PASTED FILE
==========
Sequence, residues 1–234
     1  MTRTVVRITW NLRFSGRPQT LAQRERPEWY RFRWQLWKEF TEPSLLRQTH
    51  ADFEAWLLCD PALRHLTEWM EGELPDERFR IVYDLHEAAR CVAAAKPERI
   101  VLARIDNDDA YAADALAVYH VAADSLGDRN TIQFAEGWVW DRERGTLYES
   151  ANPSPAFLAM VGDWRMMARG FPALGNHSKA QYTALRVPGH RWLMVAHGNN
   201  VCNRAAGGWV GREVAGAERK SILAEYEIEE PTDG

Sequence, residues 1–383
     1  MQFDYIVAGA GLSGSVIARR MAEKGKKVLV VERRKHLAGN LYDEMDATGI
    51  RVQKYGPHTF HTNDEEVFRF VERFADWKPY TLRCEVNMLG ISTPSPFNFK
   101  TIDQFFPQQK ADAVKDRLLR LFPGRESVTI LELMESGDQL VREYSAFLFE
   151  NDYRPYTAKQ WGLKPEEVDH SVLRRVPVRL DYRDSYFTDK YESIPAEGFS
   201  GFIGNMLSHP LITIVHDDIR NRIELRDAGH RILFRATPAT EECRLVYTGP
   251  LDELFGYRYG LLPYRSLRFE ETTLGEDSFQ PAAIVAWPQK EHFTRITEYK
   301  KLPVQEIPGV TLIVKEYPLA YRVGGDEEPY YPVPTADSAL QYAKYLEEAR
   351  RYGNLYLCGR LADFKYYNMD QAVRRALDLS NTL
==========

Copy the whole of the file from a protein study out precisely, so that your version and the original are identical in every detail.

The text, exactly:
Sequence, residues 1–234
     1  MTRTVVRITW NLRFSGRPQT LAQRERPEWY RFRWQLWKEF TEPSLLRQTH
    51  ADFEAWLLCD PALRHLTEWM EGELPDERFR IVYDLHEAAR CVAAAKPERI
   101  VLARIDNDDA YAADALAVYH VAADSLGDRN TIQFAEGWVW DRERGTLYES
   151  ANPSPAFLAM VGDWRMMARG FPALGNHSKA QYTALRVPGH RWLMVAHGNN
   201  VCNRAAGGWV GREVAGAERK SILAEYEIEE PTDG

Sequence, residues 1–383
     1  MQFDYIVAGA GLSGSVIARR MAEKGKKVLV VERRKHLAGN LYDEMDATGI
    51  RVQKYGPHTF HTNDEEVFRF VERFADWKPY TLRCEVNMLG ISTPSPFNFK
   101  TIDQFFPQQK ADAVKDRLLR LFPGRESVTI LELMESGDQL VREYSAFLFE
   151  NDYRPYTAKQ WGLKPEEVDH SVLRRVPVRL DYRDSYFTDK YESIPAEGFS
   201  GFIGNMLSHP LITIVHDDIR NRIELRDAGH RILFRATPAT EECRLVYTGP
   251  LDELFGYRYG LLPYRSLRFE ETTLGEDSFQ PAAIVAWPQK EHFTRITEYK
   301  KLPVQEIPGV TLIVKEYPLA YRVGGDEEPY YPVPTADSAL QYAKYLEEAR
   351  RYGNLYLCGR LADFKYYNMD QAVRRALDLS NTL